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Desk Diary 2012/09

Posted by Danny Choo On Sat 2012/09/15 15:48 JST In Desk Diary
 272  941937 ja zh

Its been 5 months since the last instalment of Desk Diary! Got a load of photos piled up so need to split them into 2 posts - today we look at the changes around the lounge area.

As mentioned in the previous instalment, our current TV was due to go downstairs once we got a smaller replacement to fit on the wall - this current 47 inch would stick out the sides.

And here it is - the 42" Toshiba 42Z3 - picked up for 73,000 yen from PC Bomber.

Next up is the TV wall mount - Starplatinum GP104 from Amazon for 7,380 yen.

It was back in April when I done all the TV stuff ^^;

All assembled - now time to open our new TV.

The reason why we chose Regza again (same as the one we've had) is mainly because of the price - no other manufacturer offers 42 Inches at 70,000 yen.
The Regza also looks better than the other designs. I did want to get a Samsung but they dont sell them in Japan for some reason.
Another reason is for its game functionality too which I'll talk about more later in this post.

TV flat on floor ready to stick the brackets in place.

These 2 brackets hook onto the wall mount.

Another reason why I chose Regza - the cable sockets are all placed in such a way so that they can be removed even when the TV is up against the wall - many other TV's have sockets *on the back* of the TV meaning that its not possible to put the tv right up against the wall.

Brackets are simply screwed on to the back of the TV.

Ready to mount on the wall.

Most walls in Japan are made of wood and plaster so we got this tool that helps us figure out where supporting beams of wood are behind the wall.
You can pick this one up from Amazon for less than 1,000 yen.

The pin goes through the wall and the white numbered bit is pushed back as the pin goes through. This reading tells me that my wall is about 12mm thick. This is an example of how it works.

But the wood beams behind the wall are not in the place where I need them to be - instead I use these screws from Ikea. As the screw gets tightened, wings open up to make sure that the screw cant be pulled out the wall unless you are Ironman, Hulk or Thor.

You dont need a drill in Japan - you can just spin a large screwdriver into the wall - use some wet tissue paper to catch all the plaster - or waste time hoovering it up later.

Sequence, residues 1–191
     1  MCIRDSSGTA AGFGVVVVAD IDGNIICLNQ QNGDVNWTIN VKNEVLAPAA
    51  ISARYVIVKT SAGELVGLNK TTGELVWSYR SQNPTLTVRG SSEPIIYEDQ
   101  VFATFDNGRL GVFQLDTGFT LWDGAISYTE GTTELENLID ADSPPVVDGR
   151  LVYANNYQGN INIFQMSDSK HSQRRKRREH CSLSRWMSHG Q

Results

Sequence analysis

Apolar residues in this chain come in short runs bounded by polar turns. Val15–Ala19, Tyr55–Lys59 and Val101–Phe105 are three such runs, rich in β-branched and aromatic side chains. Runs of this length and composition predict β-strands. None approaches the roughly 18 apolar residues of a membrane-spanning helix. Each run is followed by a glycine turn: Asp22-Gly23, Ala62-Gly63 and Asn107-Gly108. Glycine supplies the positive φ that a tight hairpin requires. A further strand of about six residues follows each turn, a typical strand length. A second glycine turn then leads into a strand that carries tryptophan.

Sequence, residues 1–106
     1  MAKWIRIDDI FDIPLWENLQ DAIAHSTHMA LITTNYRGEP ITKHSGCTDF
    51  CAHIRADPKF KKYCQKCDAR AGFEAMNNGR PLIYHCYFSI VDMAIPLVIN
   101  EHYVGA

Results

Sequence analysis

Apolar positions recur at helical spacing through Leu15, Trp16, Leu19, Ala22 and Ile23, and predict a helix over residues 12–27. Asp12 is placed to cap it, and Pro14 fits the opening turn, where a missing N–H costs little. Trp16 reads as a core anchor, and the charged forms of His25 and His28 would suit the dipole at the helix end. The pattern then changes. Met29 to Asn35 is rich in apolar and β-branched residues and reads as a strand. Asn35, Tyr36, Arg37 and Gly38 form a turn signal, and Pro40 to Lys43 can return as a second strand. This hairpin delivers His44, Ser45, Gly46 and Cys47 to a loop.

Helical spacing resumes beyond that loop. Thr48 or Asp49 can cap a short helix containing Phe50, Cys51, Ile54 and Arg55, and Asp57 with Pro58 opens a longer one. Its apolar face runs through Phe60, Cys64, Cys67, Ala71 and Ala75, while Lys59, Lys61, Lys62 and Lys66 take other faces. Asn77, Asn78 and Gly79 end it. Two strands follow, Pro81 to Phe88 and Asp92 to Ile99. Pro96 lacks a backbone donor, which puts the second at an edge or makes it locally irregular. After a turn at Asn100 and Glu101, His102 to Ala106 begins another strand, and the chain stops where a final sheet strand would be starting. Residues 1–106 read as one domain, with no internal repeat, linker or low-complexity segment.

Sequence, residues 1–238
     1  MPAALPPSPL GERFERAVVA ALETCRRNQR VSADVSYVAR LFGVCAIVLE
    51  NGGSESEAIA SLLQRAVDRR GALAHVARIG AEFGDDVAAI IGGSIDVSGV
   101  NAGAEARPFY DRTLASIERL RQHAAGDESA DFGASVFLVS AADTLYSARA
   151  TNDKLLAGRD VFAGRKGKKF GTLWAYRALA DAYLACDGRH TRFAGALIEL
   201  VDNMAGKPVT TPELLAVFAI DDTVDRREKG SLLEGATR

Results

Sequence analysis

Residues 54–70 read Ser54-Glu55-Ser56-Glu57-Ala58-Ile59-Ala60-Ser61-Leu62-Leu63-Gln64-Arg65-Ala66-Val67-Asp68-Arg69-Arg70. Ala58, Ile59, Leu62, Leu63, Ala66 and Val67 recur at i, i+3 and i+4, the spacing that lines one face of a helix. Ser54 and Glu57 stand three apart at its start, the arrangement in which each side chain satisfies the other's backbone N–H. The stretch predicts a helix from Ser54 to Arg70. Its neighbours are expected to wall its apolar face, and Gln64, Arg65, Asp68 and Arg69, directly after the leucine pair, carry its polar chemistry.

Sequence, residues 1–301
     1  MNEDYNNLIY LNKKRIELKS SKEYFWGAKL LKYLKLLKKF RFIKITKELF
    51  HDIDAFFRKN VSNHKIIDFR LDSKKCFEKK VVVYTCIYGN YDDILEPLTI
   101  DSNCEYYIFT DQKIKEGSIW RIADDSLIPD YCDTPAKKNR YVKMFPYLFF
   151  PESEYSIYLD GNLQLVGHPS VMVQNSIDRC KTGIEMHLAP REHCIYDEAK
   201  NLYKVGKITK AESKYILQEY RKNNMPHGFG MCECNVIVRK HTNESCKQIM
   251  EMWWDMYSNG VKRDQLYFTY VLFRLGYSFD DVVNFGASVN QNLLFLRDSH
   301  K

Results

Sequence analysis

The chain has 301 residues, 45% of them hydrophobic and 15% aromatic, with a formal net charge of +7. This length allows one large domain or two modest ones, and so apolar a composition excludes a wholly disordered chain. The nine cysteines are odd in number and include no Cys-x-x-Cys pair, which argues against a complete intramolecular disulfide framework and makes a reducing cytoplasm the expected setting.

Push the Ikea screw and socket into the wall.

And this is what it would look like when screwed in - the screw behind the wall looks like this.

TV wall mount secured to the wall.

New longer Coaxial TV cable. In Japan we call this Doujiku Cable [同軸ケーブル[どうじくけーぶる]].

All TV's in Japan now come with a B-CAS card - stick it in the slot in the TV and get access to cable TV - only antenna required. Some stations are free but you can subscribe to others like BBC.

Japanese appliances come with as many buttons as feasibly possible together with a telephone-book-thick instruction booklet.

TV mounted on the wall and we are all set! Sukkiri!
In this case, "Sukkiri" [すっきり] is a term when used to refer to something thats neat and tidy.

Some cute girl on some XBOX game.

Picked up the XBOX mainly for the Kinect to exercise at home - the only games I have are Kinect ones ^^;
By the way - my ID is DannyChooDotCom - feel free to add me! I'll approve you next time I login.

Not knowledgeable about the XBOX world at all - looks like everybody needs to buy a HD or there are only a few GB's of space to play with.

Picked up the 250GB HD.

The first run experience on the XBOX is terrible - you have to jump through hoops to signup on the Japanese version. At one point it asked me to go and signup on a PC! As a result, I've not set it up to enable me to download paid stuff as its so bothersome ><

The Play Station Network has been the best user experience so far.

Do you buy games online for your console?

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Lounge area by night. Note the poster on the wall - that was the original template used to print all the Moekana which was still in production at the time.